Campus, Coronavirus, News

Parents ask BU to support students amid pandemic

Parents of Boston University students pleaded with BU leadership and staff to support the mental health and emotional well-being of their children in a Sept. 24 email. THALIA LAUZON/ DAILY FREE PRESS STAFF

As students spend more time isolated in dorm rooms as a result of  limited work spaces, remote classes and restricted gatherings, parents have expressed concern about the well-being of their children.

In response to these issues, a group of Boston University parents submitted an email Sept. 24 to senior leadership — including President Robert Brown, Dean of Students Kenneth Elmore and Student Health Services Director Judy Platt, among others — requesting more support for students’ mental health and emotional well-being.

Some of the concerns outlined in the letter include: Resident Assistants’ capacity to provide emotional support to students, lack of mail in quarantine and isolation housing, inadequate support from BU’s Behavioral Services department and lack of daily nurse check-ins for students in isolation or quarantine housing.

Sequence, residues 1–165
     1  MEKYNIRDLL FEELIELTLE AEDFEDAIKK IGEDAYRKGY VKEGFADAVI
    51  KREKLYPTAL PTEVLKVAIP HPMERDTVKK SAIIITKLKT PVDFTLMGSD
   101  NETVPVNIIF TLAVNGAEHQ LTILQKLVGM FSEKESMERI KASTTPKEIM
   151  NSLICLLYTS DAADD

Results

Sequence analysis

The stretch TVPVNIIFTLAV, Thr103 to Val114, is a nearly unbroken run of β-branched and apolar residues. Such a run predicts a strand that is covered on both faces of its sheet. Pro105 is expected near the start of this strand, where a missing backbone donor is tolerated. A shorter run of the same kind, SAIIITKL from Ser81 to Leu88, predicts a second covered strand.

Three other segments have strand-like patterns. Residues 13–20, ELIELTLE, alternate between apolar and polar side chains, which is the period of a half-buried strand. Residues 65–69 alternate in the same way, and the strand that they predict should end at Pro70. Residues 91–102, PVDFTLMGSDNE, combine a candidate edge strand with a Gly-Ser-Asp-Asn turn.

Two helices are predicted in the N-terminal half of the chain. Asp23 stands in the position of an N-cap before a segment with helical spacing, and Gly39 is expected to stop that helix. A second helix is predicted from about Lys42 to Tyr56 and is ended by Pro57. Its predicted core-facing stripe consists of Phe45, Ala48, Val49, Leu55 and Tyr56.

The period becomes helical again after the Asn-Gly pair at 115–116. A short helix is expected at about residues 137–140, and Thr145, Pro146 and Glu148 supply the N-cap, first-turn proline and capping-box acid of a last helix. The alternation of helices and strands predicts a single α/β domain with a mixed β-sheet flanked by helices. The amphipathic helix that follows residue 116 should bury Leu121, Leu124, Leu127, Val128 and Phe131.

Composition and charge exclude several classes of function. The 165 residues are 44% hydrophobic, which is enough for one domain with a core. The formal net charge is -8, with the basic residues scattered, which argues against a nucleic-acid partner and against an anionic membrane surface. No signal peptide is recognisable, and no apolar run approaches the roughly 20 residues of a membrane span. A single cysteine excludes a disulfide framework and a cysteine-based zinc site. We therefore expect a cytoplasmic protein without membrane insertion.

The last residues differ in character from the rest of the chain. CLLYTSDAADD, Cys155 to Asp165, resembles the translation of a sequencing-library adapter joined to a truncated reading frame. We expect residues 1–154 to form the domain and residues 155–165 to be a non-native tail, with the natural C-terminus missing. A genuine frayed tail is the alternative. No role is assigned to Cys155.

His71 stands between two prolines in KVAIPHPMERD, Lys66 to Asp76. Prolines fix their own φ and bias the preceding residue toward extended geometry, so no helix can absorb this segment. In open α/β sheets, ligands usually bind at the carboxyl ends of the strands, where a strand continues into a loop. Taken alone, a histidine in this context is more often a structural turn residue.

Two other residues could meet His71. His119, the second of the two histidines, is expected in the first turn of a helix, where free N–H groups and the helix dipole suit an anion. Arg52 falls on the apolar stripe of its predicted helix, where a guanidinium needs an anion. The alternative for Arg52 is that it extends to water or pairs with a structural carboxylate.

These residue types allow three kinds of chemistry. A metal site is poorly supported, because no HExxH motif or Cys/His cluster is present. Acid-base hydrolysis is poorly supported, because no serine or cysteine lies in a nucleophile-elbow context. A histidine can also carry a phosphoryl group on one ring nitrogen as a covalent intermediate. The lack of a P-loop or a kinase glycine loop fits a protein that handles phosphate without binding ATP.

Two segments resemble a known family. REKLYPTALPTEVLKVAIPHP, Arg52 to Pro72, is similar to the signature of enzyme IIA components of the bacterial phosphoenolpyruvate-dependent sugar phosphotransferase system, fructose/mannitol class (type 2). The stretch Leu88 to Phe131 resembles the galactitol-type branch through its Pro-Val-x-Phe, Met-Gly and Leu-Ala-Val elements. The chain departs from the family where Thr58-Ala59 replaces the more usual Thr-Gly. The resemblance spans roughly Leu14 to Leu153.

These concerns, according to the email, arose because many parents felt that their children were not getting enough mental health support on campus in the wake of the changes caused by the pandemic.

Alessandra Kellermann, who founded the BU Parents United group during the pandemic and a parent of a senior at BU, said the parents would like to see more in-person activities organized for smaller groups for students to meet one another.

“It’s so important, especially as you’re finding your way in a new school and you’ve never been there before, to have some human contact,” Kellermann said. “That’s why people chose in-person versus [Learn from Anywhere] and these kids decided to take a chance.”

Kellermann added that BU Parents United felt it had to take a stand sooner rather than later.